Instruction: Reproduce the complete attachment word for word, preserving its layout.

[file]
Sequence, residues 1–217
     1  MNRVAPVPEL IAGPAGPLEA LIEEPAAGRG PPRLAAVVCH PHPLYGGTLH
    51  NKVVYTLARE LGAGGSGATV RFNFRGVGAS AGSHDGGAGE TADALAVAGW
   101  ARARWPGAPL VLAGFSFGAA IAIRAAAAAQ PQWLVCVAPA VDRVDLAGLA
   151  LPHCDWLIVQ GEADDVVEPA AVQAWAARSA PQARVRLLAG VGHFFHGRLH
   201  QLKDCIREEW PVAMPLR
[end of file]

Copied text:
Sequence, residues 1–217
     1  MNRVAPVPEL IAGPAGPLEA LIEEPAAGRG PPRLAAVVCH PHPLYGGTLH
    51  NKVVYTLARE LGAGGSGATV RFNFRGVGAS AGSHDGGAGE TADALAVAGW
   101  ARARWPGAPL VLAGFSFGAA IAIRAAAAAQ PQWLVCVAPA VDRVDLAGLA
   151  LPHCDWLIVQ GEADDVVEPA AVQAWAARSA PQARVRLLAG VGHFFHGRLH
   201  QLKDCIREEW PVAMPLR